Monday, May 30, 2016
The most recent Shasta County report grand jury report slams the operations of LAFCO over past failures to meet deadlines and poorly managed staffing.
The report, subtitled No Laughing Matter, recognizes the Local Agency Formation Commission as an independent watchdog agency that overlooks city and special district boundaries. But the report also said difficulties with past officers in the agency have led to lawsuits and complaints filed with the California Labor Board.
The last several years have been tumultuous for the agency, with a change in its staffing roster, a marathon blitz to complete mandatory studies and a lack of oversight for its staff.
From 2001 to 2012 the agency did not complete any of its mandatory reviews of special districts or municipal services in the county. The reviews require updating every five years for each entity, which includes sewer, water and fire districts.
LAFCO staff raced to complete about 50 reviews and finished early last year, summarized the report.
Completing the special district reviews depleted the LAFCO budget, requiring the agency to reduce staff and business hours.
The grand jury report said this reduction in hours shows the agency "is not fulfilling its purposes and programs. This is evidenced by frustrations voiced by City of Anderson staff in dealing with Shasta LAFCO during its recent land annexation" and the grand jury also ran into delays when it requested documents.
Current Executive Office George Williamson, who took the position earlier this year as a consultant, said many of the issues raised in the report are in the process of being addressed by the agency and its staff.
Observations and recommendations from the grand jury report will be considered and the report will be addressed at a regular meeting on Thursday.
Other recommendations from the report include a review of the executive officer's performance and a revision of the budget to bring back staffing levels so the agency can resume normal businesses hours.
Also, the agency could establish a fee to charge for review updates. The agency could also revise its fee schedule, which has not been updated since 2013, according to the report.
In April commissioners with LAFCO approved a fiscal budget that projects a remaining balance of $24,000 in the next two fiscal years. That money is expected to go back into its services.
"Shasta LAFCO appreciates the role of the grand jury in reviewing and making recommendations on local government matters, including the operations of this agency," said Williamson in an email.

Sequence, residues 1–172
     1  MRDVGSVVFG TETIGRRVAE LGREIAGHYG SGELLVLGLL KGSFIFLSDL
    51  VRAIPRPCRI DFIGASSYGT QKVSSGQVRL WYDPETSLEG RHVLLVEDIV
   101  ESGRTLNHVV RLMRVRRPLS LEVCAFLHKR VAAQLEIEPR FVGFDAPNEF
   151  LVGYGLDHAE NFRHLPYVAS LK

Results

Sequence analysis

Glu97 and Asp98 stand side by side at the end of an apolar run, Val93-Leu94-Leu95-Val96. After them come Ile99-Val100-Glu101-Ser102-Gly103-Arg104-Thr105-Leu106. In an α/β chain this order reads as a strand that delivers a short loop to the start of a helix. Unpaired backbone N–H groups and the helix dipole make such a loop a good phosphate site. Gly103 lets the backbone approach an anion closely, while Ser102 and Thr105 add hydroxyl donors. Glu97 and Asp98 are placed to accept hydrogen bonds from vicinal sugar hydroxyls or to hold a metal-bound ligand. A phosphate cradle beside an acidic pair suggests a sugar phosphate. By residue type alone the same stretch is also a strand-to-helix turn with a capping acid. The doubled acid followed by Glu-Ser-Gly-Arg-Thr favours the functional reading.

May 29, 2015
Redding Record Searchlight
By Nathan Solis
Over the past several months, Lompoc Police Chief Pat Walsh has said his department needs a new station.
Last week, a third-party observer reinforced that opinion.
A report released Tuesday by the 2015-16 Santa Barbara County grand jury stated that the Lompoc police station, located at Civic Center Plaza, has “exceeded its planned operational capacity” and recommended that the City Council explore upgrading or replacing the 29-year-old facility.
Walsh, whose department has already collaborated with an architect, said Thursday that he and the LPD are in the early conceptual stages of what he hopes will ultimately lead to the construction of a new police headquarters "10 to 15 years down the road."
That notion is very much up in the air, however, according to a written statement from the LPD regarding the grand jury's findings.
"The possibility of a new police station sometime in the next 10 to 15 years has been discussed on a conceptual level, but at this point there are no set plans to build a new facility," it read.
Still, Walsh noted that a workgroup has been formed to look at the merits of renovating the current facility versus constructing a completely new complex.
Because the current building’s footprint isn’t large enough to meet the department’s needs through renovation, he said, he favors an all-new facility.
Walsh presented conceptual bubble diagrams, which are essentially early blueprints, for a new police station at a Public Safety Commission meeting on Sept. 30, 2015.
Those plans called for a three-story facility that would include a 38-by-78-foot mobile command and SWAT garage, a 36-by-40-foot Emergency Operations Center command room, a 35-by-30 foot evidence processing room and significantly more storage and office space.
The designs also included second-floor men’s and women’s locker rooms, a fitness center and conference rooms.
Among the possible locations mentioned was land near City Hall that is currently occupied by the building that formerly housed the since-closed city pool.
Due to the early nature of the conceptual designs — they haven’t yet been presented to the City Council — Walsh acknowledged that cost estimates could vary wildly. Depending on if the city decides to renovate the current building or go with the new construction, the project could cost anywhere from $8 million to $24 million in today’s dollars, he said.
A new facility with the amenities featured in those early plans would likely solve many of the problems pointed out in the grand jury report.